Panel gives Steamboat entrepreneur forum with Sen. Hickenlooper to discuss new business, transitions |

Panel gives Steamboat entrepreneur forum with Sen. Hickenlooper to discuss new business, transitions

Robin Hall, middle, had support from friends and family while running every street in Steamboat Springs in summer 2020, logging more than 200 miles over 33 outings.

STEAMBOAT SPRINGS — Steamboat Springs entrepreneur Robin Hall was among a group of rural small business leaders who spoke, along with U.S. Sen. John Hickenlooper, as part of a panel Tuesday hosted by The Wright, a newly formed Colorado nonprofit.

“It was really fun,” Hall said of being a part of the panel. “I felt heard. He (Hickenlooper) said he wanted to meet us in person in the next 12 months, so this is the first of many conversations with him, and I’m really, really excited about it.”

Hall, who is just getting her Steamboat-based business Town Hall Outdoor Co. off the ground, was one of four speakers who discussed the challenges facing businesses in rural Colorado, particularly from the pandemic. The business owners were invited to describe the challenges they faced as the pandemic spread and how they have adapted their businesses to survive in the uncertain times. It was a chance for them to share their own stories and other ideas with Hickenlooper and more than 48 other virtual participants across Colorado.

Hall was joined by Andy Sanchez, co-owner of The Walter Brewing Co. in Pueblo; Jennifer Vierling, co-founder of Tailwind Nutrition in Durango; and P.T. Wood, co-founder of Wood’s High Mountain Distillery. He is also mayor of Salida.

All of the business owners had different stories but shared a common connection to their communities. They spoke of the importance of communication when it came to navigating the pandemic and how critical the PPP and Economic Impact Disaster Loans were.

“Those programs were really critical lifelines that helped us survive the last year,” Wood said. “I think the American Recovery Plan is going to be a really important piece of making sure that we continue to move forward into some of the headwinds we’re seeing.”

Hall’s specific challenges began before COVID-19, but it was her community that kept her in place.

“I remember Aug. 13, 2018, like it was yesterday,” Hall said. “I was camping with my two young sons and my husband, and we got a call from VF Corp saying that Smartwool was moving to Denver. I was crushed, I was devastated.”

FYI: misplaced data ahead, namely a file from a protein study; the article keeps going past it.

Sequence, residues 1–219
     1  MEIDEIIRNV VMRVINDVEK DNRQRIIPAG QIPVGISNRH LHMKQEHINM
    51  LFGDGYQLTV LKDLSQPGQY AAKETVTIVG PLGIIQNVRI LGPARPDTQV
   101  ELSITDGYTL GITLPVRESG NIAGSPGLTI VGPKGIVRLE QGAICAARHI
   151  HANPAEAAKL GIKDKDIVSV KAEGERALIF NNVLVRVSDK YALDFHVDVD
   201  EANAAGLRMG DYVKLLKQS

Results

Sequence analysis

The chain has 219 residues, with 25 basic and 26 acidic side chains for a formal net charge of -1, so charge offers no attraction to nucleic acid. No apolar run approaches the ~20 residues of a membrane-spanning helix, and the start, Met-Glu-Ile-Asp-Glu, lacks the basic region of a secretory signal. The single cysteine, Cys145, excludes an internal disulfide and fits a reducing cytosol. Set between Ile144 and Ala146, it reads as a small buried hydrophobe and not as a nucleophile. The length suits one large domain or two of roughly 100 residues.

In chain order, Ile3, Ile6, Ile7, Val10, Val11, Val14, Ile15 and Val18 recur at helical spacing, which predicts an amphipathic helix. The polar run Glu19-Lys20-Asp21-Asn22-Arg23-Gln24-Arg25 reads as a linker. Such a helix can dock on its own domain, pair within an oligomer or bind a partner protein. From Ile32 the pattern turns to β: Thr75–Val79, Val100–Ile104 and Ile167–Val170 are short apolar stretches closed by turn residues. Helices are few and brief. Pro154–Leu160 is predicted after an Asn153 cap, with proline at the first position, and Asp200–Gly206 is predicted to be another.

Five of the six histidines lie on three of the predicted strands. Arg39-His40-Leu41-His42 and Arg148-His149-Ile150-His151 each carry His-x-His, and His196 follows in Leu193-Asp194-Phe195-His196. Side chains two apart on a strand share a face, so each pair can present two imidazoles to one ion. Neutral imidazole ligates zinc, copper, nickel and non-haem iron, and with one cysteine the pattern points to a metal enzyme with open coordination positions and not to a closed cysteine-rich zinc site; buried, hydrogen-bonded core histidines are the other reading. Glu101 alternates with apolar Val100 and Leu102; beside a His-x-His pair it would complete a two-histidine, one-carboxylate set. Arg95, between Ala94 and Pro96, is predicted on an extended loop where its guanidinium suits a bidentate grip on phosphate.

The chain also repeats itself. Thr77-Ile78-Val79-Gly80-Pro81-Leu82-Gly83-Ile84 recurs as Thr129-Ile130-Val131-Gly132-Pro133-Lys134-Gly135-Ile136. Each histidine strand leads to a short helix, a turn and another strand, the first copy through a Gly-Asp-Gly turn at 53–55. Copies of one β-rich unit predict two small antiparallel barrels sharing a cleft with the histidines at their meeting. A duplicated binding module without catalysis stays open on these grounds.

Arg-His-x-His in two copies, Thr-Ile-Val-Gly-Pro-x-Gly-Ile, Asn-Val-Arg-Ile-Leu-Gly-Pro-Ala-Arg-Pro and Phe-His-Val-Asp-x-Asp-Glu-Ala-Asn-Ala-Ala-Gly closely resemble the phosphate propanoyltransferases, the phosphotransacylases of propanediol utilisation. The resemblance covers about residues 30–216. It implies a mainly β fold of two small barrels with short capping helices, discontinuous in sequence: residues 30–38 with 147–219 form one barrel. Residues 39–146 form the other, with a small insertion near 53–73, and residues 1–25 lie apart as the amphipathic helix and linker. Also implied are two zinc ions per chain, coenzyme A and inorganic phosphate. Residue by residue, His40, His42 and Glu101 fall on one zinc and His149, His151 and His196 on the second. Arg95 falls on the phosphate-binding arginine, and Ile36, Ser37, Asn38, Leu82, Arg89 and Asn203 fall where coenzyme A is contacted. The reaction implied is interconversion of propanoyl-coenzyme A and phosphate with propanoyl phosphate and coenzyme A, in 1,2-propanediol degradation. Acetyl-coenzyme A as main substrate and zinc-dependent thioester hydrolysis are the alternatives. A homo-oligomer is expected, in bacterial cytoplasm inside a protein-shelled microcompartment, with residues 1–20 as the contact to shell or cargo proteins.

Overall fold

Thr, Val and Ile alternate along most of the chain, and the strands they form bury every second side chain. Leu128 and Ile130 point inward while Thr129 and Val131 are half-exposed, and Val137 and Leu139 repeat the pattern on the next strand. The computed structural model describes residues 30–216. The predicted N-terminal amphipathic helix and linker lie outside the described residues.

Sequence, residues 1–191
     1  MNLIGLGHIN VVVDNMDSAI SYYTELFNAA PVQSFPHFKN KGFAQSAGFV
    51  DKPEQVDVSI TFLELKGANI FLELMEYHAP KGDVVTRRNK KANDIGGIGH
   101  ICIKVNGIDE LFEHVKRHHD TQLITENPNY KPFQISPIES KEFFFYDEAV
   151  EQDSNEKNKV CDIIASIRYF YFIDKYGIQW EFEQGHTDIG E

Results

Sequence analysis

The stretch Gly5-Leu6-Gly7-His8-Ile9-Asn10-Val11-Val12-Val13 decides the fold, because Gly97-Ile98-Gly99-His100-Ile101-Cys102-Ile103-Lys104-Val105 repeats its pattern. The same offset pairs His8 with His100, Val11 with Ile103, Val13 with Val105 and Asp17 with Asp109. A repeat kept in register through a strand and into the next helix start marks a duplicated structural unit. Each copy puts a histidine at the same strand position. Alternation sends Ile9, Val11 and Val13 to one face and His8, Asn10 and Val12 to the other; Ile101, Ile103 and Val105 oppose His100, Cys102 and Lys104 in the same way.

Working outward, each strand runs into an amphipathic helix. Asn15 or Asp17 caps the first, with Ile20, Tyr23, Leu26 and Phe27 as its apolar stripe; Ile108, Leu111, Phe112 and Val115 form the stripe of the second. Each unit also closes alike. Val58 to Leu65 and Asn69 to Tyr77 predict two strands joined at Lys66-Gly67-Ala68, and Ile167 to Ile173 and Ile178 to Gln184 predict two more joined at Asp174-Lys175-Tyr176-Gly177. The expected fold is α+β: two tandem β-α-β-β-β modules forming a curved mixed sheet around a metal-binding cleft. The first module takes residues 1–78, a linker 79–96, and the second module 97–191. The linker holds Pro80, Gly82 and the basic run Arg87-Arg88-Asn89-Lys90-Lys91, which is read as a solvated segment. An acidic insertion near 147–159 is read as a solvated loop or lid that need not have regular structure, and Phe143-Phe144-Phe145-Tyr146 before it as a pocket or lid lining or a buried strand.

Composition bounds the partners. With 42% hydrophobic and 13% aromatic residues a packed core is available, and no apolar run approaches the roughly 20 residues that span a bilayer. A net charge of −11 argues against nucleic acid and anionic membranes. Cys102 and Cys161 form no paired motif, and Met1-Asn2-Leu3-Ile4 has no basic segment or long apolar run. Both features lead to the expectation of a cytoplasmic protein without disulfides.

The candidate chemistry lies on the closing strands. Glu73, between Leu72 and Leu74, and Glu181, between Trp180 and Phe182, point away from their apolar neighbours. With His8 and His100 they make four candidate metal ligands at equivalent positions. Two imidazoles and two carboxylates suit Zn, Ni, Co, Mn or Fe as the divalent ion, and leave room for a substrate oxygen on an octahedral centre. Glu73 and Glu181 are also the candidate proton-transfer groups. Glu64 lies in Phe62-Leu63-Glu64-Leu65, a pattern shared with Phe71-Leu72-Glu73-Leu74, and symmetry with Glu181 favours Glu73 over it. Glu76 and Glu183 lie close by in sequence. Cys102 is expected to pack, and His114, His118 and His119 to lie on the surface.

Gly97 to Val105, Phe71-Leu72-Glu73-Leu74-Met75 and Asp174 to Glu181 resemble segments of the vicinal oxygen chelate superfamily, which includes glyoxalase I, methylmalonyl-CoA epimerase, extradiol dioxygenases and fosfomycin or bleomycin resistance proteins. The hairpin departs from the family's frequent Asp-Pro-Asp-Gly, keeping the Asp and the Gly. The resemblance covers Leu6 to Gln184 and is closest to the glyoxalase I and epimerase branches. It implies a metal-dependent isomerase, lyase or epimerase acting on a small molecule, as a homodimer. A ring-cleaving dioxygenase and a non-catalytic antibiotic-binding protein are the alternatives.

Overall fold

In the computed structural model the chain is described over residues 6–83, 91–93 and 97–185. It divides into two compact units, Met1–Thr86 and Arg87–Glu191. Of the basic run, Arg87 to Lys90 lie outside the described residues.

She had spent 11 years working at Smartwool in Steamboat and fell in love with the area, its lifestyle and community. When her job left for Denver, Hall decided not to follow and moved in a different direction.

“This was not in my grand plans,” Hall said. “I was going to retire at Smartwool. It was the pinnacle, it was the best place I’ve ever worked, and it was beautiful. It still is, of course, but it’s just not in Steamboat.”

Hall is focused on the idea of creating purpose-built, planet-friendly clothing that will keep children warm, dry and comfortable on the ski slopes, sledding or whenever they go outside. The idea is to manufacture clothing that is high-quality and durable enough to be handed down and used again by brothers, sisters and friends.

The idea was born a year ago, in the middle of a pandemic.

“We’re coming forth with logo and branding in the next six to eight weeks,” Hall said. “Then, in the fall, we will launch, and we’ll be doing snow and cold weather gear for kids.”

The panel was the first time Hall has spoken publicly about the company.

“We want to keep it all in the family and give people a home here and keep jobs here and just give back to this great place that’s given us so much,” Hall said. “There’s a reason why I’m going to live here for the rest of my life, and I want to keep giving back to make sure it remains the way it has for so many years.”

Hickenlooper listened to the business owners as they shared their stories. He took notes as they expressed their ideas of how things can be improved and stayed an extra 10 minutes to keep the conversation going.

“I’ve heard that Sen. Hickenlooper is just fantastic. He is just a Colorado lover and entrepreneur and just wants, as he said, to sit down and have a coffee or a beer with you,” Hall said. “… And that’s very much what this felt like.”

Editors note: This story has been updated to correctly spell the nonprofit’s name.

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